Special Issue "Reimagining ‘Childhood, Motherhood, Family and Community’"

A special issue of Genealogy (ISSN 2313-5778).

Deadline for manuscript submissions: closed (30 September 2019).

Special Issue Editors

Prof. Jayne Osgood
Website
Guest Editor
Centre for Education Research & Scholarship, Middlesex University, London NW4 4BT, UK
Interests: gender, early childhood education
Dr. Allison Sterling Henward
Website
Guest Editor
Department of Curriculum and Instruction, Penn State University, State College, PA 16801, USA
Interests: early childhood education, anthropology and education, children culture

Special Issue Information

Dear colleagues,

We ground this Special Issue in our commitment to critical, feminist, worldly knowledge production that actively works to interrogate existing modernist ideas of childhood and motherhood as well as the institutions, discourses, and histories that work to limit conceptualizations and practices. For decades, various fields in social science and humanities have supplied multiple narratives, tropes, and discursive archives about family, community, mothering, and childhood (Foucault, 1977). Following Foucault (1977), through these processes, families, mothers, communities, and children become discoverable and ‘knowable’. Discourses are ‘constituted by a group of sequences of signs, in so far as they are statements, that is, in so far as they can be assigned particular modalities of existence’ (Foucault, 1972, p. 107) and the way they operate in the research and the power/knowledge nexus is inherent in the construction (Popkewitz and Brennan, 1998). These and other ‘depoliticized discourses function to naturalize socially constructed concepts’ (MacClure, 2011, p.129).

By inviting critical humanist and speculative post-humanist or feminist new materialist approaches to this conversation, we focus on temporality, the complexity, and the overlooked occurrences that typically make up family life. The collective scholarly aim is to generate and extend knowledge about childhood, motherhood, family, and community as inherently contextual, contingent, conflicting, contested, dynamic, uncertain, and, in the tradition of genealogy, socially and historically produced within contexts. Neoliberal versions of parenting, family, motherhood, and childhood have been heavily critiqued for their limiting, essentializing, and containing effects. As these framings become translated into policy and practices, too often, contemporary families feel the brunt. Through modernist understandings, families are normalized, categorized, and too often excluded- deemed insufficient and abnormal within educational and social service policy and practice.

Ways of thinking otherwise become particularly urgent in the Anthropocene, where human activities, conceptualizations, and practices are having world-changing effects on the earth's ecosystem (Braidotti, 2016). With heart-wrenching speed, families, mothers, communities, childhoods, and kin are being torn apart. The global increase in migration caused by human and non-human factors (i.e., global capitalism, environmental desecration) highlight the failings and crumbling of existing epistemologies and ontologies. Modernist, humanist understandings make even less sense now. We view this SI as an ethical response that invites speculation, complexity, and bravery to meet the uncertainty and instability of our times.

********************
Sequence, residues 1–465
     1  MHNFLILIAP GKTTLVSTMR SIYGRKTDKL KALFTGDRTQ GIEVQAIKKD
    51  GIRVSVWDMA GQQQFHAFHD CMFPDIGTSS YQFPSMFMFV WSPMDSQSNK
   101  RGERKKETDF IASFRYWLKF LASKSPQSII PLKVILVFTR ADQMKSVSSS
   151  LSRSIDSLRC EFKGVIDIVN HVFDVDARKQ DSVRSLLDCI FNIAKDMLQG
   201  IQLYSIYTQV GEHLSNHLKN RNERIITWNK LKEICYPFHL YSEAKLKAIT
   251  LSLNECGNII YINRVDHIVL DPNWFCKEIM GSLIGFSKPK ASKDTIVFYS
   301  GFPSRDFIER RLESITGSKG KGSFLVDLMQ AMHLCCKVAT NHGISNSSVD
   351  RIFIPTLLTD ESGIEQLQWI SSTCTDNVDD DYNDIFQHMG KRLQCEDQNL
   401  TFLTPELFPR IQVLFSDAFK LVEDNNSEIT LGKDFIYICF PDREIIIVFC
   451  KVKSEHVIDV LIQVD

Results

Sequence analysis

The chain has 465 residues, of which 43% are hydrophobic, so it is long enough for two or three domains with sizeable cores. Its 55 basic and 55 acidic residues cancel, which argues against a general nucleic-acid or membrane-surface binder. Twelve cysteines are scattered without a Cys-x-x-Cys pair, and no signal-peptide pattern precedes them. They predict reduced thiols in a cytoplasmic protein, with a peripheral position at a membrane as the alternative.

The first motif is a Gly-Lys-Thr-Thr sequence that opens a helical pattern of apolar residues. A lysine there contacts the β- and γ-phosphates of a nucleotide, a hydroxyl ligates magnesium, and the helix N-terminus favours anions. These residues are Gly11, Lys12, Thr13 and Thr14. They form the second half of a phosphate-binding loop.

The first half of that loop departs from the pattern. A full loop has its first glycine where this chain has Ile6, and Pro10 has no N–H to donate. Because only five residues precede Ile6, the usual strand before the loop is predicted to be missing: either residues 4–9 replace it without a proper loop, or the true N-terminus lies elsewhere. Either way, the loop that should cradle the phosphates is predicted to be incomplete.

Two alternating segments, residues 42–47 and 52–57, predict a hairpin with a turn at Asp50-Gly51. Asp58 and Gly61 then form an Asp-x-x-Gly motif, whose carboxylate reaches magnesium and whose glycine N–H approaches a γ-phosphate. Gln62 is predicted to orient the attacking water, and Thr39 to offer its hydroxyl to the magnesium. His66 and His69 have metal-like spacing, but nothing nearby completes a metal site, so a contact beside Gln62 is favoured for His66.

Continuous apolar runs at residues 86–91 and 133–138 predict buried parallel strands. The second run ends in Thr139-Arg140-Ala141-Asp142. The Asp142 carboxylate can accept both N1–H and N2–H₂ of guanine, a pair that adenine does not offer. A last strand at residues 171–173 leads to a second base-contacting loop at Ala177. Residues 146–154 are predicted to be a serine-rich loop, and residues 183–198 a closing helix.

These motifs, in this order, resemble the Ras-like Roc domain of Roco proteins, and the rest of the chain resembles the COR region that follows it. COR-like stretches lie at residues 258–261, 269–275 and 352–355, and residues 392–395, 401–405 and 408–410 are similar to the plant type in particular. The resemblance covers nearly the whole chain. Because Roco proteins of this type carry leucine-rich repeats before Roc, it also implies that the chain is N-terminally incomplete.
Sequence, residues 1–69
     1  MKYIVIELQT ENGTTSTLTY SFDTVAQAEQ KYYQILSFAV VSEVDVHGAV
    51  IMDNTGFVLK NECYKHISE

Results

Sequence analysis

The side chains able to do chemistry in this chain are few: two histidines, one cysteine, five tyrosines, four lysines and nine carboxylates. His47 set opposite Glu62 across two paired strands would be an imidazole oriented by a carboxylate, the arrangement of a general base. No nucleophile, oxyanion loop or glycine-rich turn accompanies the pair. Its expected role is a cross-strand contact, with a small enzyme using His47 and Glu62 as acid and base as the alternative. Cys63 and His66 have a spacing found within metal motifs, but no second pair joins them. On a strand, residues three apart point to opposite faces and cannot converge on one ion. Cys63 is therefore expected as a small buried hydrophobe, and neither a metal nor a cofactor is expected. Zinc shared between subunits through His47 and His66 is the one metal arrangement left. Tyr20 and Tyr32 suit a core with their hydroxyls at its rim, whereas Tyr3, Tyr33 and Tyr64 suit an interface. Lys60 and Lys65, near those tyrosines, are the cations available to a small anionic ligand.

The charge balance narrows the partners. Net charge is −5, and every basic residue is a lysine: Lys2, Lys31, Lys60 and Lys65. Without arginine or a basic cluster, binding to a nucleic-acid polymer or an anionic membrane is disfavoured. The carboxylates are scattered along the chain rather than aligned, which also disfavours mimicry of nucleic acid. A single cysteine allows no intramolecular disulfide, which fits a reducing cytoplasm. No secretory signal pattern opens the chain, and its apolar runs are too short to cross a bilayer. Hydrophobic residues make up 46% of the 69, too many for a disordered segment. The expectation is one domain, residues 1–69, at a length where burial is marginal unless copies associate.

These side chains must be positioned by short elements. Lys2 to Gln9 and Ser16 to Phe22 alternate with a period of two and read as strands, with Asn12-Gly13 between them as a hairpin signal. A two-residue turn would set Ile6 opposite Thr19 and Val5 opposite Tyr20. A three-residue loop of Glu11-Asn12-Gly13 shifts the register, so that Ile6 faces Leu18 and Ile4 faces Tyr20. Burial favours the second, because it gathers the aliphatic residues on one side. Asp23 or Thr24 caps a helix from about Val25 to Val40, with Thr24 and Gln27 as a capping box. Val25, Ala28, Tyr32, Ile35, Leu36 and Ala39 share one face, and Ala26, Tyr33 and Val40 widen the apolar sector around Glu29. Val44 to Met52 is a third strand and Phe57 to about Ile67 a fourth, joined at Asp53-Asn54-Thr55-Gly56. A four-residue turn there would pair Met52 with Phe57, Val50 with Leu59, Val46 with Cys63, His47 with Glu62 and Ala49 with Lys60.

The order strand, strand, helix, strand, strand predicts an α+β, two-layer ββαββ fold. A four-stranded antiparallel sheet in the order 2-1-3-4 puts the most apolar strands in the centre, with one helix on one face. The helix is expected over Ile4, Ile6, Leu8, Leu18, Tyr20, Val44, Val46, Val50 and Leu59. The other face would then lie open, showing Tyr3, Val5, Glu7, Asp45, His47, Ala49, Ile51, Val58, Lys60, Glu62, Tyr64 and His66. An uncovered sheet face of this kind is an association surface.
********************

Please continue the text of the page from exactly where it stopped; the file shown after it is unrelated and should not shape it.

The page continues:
This issue would not be possible without the authors. Your papers have invigorated, sustained, and pushed us to reimagine what is possible when thinking otherwise. We are especially grateful to the production team at MDPI headed up by Allie Shi, for their careful work and thought that went into helping us bring this issue to life.

Special Issue Contents:

  1. Introduction: Reimagining ‘Childhood, Motherhood, Family and Community’

 Jayne Osgood & Allison Sterling Henward

  1. Mothering in Hindsight: Troubling Time(s)

 Marie Lavelle

  1. I Am Roha’s Emaye: A Critical Autoethnography of Mothering in Liminal Spaces

Kara Roop Miheretu & Allison Sterling Henward

  1. Pets That Have ‘Something Inside’: The Material Politics of in/Animacy and Queer Kin within the Childhood Menagerie

Riikka Hohti & Jayne Osgood

  1. Growing Communities in a Garden Undone: Worldly Justice, Withinness and Women

Simone Miranda Blom & Sarah Crinall

  1. The New Educational Pastorate: Link Workers, Pastoral Power and the Pedagogicalisation of Parenting

Nathan Fretwell

  1. Towards an Ethico-Aesthetic of Parenting: Sensing Ritornellos of Play with GoPro Data

Laura Trafi-Prats & Lucy Caton

  1. Silenced motherhood (s): Forbidden Motherings in the Early Childhood Classroom

Dana Frantz Bentley

  1. Sexual Orientation’ in Swedish Preschool Policy— What Is the Problem?

Lena Sotevik

Braidotti, R. 2016. Posthuman critical theory. In Banerji and Paranjape Critical Posthumanism and Planetary Futures. New Delhi: Springer, pp. 13–32.

Foucault, M. 1972. The Archaeology of Knowledge (trans. S Smith). New York: Routledge.

Foucault, M. 1977. Discipline and Punish (trans. Alan Sheridan). New York: Vintage.

MacClure M. 2011. Child as totem: Redressing the myth of inherent creativity in early childhood. Studies in Art Education 52: 127–41.

Popkewitz, T. S., and M. Brennan. 1998. Restructuring of social and political theory in education: Foucault and a social epistemology of school practices. In Foucault’s Challenge: Discourse, Knowledge, And Power in Education, pp. 3–35.

Prof. Jayne Osgood
Dr. Allison Sterling Henward
Guest Editors

Manuscript Submission Information